Every detector converts the X-ray photons that are absorbed by the phosphor layer into an electronic signal that is read out and stored in the image file. The detective quantum efficiency is a measure of the efficiency with which photons are detected and of the noise performance of the detector. It is defined as the signal-to-noise ratio of the output divided by that of the input. For an ideal detector this ratio would be 1.0. In practice a variety of factors reduce this number, like phosphor absorption efficiency, detector entrance window transmission, a phosphor noise factor, read-out noise, dark current and detector gain (Phillips et al., 2002). An additional quantity of interest is the overall detector gain; we will define gain as the number of analogue-to-digital units (ADU) recorded per X-ray photon. Ideally a pixel intensity should be divided by the gain to obtain the X-ray photon counts, so that standard deviations of pixel intensities can be estimated using Poisson statistics. The R-AXIS header does not contain a value for the gain, so EVAL assumes it to be 1.0. In the Bruker header we found a gain value of 3.83 ADU per photon. Various published papers have shown that the standard deviations of diffraction intensities behave other than according to Poisson distributions; an early description can be found in the text book by Stout & Jensen (1968) and applies even to so-called photon-counting detectors. In the area detector `modern era', Leslie (1999) and Popov & Bourenkov (2003) show that the variance of integrated intensities can be described by a second-order polynomial function in I: 2 = k0 + k1I + k2I2. The second term represents the error estimate from Poisson statistics ( = I1/2) corrected for the gain and Lorentz-polarization factor (Lp). The expression for 2 can be rewritten as [( + ) + ( + I)] + (gI)2, where I is the net intensity, g is a factor to be determined during scaling, and the subscripts dark, read and bg denote the dark-current, read-out-noise and background contributions to . EVAL delivers standard deviations () using the first two terms. Scaling programs like SADABS (Sheldrick, 1996) use an error model = K[ + (g<I>)2], in which K and g are refined, to achieve more reliable error estimates from internal standard deviations such that 2 = <N(I - <I>)2/(N - 1)2> is close to 1.0. The latter approach is also applied in SCALA (Evans, 2006). If the intensities I are on an absolute scale, i.e. represent actual X-ray photon counts, SADABS typically finds K values in the range 0.7-1.5 and g values in the range 0.02-0.04. An incorrectly estimated gain value will affect the estimated I/ of reflections, but scaling programs will more or less correct for this, notably via the 2 analysis. This correction may, however, not be in place when reflections are rejected on the basis of (I - <I>)/ > 4 (in the case of SADABS) and may lead to unwanted rejections. In Mosflm/SCALA the error model being used is sdFac[2 + sdBLpI + (sdAddI)2]1/2 (as an example, for the processed diffraction data set of crystal 3, sdFac 1.5, sdAdd 0.02 and sdB = 3.17 for full reflections). d*Trek also uses a two-term adjustment of the standard deviations to match normal 2 distributions. In a recent paper, Waterman & Evans (2010) showed that the standard deviations of intensities from profile fitting or summation integration are indeed underestimated and that simulation of the detection process, taking into account the various sources of error, leads to more realistic error estimates. Because of the similar procedures used for adjusting the standard uncertainties, we believe that comparison of I/ values remains valid and is a necessary requirement of any physical science, of which crystal structure analysis is but one example.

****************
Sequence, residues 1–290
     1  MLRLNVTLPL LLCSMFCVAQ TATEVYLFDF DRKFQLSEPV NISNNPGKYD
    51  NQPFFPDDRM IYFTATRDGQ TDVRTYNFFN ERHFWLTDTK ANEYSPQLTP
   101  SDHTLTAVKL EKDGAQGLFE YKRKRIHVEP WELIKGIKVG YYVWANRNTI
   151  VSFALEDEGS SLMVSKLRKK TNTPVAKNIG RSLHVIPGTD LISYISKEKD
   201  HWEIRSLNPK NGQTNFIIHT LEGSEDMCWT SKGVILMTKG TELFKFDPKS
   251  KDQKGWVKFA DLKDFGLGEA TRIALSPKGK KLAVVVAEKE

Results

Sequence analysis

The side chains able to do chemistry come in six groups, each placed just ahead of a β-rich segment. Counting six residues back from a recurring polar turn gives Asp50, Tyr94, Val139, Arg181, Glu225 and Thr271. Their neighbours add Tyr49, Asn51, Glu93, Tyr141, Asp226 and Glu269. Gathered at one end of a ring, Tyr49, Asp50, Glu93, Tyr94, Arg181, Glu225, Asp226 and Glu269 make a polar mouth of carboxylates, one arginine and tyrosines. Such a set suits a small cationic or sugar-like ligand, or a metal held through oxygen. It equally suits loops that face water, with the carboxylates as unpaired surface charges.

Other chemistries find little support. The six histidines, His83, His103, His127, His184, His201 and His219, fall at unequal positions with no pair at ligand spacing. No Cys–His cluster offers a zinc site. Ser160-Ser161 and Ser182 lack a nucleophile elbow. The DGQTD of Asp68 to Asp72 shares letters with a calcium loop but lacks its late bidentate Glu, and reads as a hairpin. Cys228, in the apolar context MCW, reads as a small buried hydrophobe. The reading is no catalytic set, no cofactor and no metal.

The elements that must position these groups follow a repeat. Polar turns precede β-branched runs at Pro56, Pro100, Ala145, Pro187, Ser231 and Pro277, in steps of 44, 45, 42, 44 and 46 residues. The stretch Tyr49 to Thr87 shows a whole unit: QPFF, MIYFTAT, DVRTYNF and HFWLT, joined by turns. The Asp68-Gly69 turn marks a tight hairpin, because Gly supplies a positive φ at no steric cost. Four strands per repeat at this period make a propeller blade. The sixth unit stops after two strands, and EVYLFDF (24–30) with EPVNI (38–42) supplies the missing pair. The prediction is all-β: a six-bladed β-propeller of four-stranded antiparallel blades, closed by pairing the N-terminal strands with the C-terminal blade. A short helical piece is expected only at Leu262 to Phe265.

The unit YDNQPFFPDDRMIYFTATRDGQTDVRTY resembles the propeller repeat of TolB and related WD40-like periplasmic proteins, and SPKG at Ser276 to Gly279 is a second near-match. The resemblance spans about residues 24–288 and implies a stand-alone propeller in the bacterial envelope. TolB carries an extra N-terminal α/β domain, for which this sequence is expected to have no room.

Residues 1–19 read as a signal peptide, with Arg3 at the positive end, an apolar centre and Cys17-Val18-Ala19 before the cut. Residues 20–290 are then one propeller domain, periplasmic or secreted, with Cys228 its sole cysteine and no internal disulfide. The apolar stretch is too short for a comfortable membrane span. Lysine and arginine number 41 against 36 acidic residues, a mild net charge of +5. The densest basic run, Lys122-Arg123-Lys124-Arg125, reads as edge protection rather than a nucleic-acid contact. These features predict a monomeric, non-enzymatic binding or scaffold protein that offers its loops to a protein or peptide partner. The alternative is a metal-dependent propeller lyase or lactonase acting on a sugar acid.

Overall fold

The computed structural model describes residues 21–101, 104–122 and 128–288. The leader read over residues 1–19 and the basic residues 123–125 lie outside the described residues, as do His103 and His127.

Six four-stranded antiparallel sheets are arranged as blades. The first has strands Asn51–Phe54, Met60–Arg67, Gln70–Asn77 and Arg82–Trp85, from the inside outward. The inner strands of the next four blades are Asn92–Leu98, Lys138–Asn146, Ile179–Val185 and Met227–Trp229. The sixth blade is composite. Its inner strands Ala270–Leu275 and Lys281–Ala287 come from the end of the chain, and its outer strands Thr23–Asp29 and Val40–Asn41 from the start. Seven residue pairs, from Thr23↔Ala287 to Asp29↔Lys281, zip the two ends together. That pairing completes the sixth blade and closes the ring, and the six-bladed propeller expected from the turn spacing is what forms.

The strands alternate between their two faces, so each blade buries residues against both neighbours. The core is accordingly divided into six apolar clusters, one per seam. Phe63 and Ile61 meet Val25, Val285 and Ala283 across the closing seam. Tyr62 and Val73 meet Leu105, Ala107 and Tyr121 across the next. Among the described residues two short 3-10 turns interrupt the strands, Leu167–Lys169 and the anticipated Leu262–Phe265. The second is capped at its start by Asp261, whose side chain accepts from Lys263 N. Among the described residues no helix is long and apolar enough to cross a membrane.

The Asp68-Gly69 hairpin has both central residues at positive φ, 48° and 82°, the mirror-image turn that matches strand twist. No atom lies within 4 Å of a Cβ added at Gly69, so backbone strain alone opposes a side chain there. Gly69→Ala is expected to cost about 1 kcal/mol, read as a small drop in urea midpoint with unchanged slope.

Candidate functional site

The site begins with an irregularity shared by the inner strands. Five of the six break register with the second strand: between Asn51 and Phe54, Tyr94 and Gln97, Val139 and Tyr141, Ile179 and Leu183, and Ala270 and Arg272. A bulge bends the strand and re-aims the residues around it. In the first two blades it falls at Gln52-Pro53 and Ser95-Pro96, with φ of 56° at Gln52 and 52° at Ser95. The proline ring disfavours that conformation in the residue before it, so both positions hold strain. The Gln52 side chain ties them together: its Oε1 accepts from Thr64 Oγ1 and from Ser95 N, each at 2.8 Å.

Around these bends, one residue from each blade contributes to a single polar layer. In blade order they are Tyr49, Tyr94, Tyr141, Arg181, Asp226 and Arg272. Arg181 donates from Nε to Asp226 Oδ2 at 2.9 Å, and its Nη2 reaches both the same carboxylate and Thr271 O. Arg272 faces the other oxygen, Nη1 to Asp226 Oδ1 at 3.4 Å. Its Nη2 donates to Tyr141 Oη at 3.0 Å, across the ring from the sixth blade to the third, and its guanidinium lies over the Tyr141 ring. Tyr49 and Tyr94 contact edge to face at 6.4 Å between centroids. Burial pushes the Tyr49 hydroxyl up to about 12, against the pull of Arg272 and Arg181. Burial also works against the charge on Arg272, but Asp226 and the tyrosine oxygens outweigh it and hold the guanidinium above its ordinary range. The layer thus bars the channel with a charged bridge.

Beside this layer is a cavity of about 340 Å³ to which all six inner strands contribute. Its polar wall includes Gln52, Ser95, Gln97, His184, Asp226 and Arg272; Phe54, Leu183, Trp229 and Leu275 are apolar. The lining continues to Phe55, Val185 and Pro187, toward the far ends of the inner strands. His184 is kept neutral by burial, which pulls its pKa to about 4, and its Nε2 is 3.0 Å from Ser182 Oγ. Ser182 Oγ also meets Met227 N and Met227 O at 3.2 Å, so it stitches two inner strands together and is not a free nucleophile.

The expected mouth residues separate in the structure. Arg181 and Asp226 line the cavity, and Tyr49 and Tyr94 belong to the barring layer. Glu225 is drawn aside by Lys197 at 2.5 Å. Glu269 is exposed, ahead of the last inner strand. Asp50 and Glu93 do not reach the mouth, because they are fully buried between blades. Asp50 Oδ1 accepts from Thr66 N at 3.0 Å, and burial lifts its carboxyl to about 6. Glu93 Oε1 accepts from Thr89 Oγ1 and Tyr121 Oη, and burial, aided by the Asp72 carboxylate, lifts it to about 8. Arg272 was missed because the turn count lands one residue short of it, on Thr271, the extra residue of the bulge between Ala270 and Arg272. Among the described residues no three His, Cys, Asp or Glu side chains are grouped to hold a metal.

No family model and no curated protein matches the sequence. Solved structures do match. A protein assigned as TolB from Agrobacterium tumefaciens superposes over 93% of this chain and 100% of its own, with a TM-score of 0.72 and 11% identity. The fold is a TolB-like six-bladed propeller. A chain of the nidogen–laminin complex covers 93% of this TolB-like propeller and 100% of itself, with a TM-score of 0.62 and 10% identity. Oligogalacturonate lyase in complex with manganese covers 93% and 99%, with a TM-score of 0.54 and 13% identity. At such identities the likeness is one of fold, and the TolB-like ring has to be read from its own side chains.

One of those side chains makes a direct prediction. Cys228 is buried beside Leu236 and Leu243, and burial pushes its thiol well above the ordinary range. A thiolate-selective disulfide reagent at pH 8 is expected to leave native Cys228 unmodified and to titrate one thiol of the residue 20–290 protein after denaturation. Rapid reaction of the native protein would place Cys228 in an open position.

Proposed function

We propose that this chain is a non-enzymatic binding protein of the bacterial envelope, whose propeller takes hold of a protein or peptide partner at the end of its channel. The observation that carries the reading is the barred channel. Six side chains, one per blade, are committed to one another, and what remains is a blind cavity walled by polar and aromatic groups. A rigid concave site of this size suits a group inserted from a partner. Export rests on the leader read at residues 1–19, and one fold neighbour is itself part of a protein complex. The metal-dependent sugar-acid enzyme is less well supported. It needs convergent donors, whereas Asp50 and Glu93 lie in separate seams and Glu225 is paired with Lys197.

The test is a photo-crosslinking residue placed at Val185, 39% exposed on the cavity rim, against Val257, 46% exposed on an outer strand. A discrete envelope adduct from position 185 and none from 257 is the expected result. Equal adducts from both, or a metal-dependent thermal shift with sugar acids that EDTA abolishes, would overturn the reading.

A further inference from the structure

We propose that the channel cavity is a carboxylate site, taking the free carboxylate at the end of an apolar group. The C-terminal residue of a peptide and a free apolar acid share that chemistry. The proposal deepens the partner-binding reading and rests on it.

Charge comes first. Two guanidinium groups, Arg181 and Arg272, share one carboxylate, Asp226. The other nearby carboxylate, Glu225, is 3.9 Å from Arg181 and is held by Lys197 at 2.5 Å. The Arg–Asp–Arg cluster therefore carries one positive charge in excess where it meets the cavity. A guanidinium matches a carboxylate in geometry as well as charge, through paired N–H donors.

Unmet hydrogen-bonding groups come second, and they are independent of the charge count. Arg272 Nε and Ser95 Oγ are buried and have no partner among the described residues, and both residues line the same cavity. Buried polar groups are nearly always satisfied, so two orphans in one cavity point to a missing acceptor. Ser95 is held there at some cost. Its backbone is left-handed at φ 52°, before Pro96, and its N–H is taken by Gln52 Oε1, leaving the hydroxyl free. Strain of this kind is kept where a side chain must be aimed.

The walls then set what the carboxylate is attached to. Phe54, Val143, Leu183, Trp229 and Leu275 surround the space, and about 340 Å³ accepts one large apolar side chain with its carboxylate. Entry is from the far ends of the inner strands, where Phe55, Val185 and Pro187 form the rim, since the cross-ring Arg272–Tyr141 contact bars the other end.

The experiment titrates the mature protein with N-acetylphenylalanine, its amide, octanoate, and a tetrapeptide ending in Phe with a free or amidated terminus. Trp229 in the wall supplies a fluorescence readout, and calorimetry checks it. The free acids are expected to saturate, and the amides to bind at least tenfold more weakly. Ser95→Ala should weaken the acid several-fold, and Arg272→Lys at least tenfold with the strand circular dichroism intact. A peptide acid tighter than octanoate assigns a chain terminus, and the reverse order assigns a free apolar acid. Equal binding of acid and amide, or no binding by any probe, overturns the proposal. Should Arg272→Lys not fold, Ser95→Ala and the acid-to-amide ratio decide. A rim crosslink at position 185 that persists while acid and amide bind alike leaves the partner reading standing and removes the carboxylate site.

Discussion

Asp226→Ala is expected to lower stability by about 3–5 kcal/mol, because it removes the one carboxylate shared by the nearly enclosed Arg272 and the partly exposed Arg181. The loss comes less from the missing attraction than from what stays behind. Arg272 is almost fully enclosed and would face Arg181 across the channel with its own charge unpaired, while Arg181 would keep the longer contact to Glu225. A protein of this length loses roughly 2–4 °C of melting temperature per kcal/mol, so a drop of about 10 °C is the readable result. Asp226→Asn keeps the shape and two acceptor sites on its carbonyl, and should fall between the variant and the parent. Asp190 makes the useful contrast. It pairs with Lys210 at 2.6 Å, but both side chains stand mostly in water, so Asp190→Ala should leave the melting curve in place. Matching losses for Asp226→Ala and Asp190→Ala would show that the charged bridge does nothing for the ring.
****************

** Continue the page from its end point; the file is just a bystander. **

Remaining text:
I/ values for merged data can be found in Tables 2 and 3, and are summarized in Fig. 4. For the Rigaku data, the numbers for EVAL and Mosflm are in reasonable agreement, while d*Trek produces in general lower values, sometimes markedly so (4dd3 , 4ddb ). For the Bruker data, EVAL and the PROTEUM2 (SAINT Version 7.68a) processing software are in close agreement even for crystals 5 and 9, which are in fact orthorhombic, leading to a lower redundancy for EVAL (Table 3). Mosflm has lower I/ values in a majority of cases. The multiple-scan data collection with different detector positions may not be ideal for Mosflm without skilled fine tuning, i.e. which might be possible for the MOSFLM developers themselves. The accessibility of the raw diffraction data images linked to this article thus shows up an immediate advantage of archiving the raw diffraction data relating to a published article.